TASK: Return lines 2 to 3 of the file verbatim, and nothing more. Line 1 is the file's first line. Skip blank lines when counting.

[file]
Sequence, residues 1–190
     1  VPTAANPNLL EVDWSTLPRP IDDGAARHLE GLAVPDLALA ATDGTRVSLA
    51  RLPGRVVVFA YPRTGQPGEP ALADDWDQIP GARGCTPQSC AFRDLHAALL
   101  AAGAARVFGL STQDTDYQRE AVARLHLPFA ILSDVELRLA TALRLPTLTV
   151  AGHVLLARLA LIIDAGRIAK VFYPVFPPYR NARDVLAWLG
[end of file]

     1  VPTAANPNLL EVDWSTLPRP IDDGAARHLE GLAVPDLALA ATDGTRVSLA
    51  RLPGRVVVFA YPRTGQPGEP ALADDWDQIP GARGCTPQSC AFRDLHAALL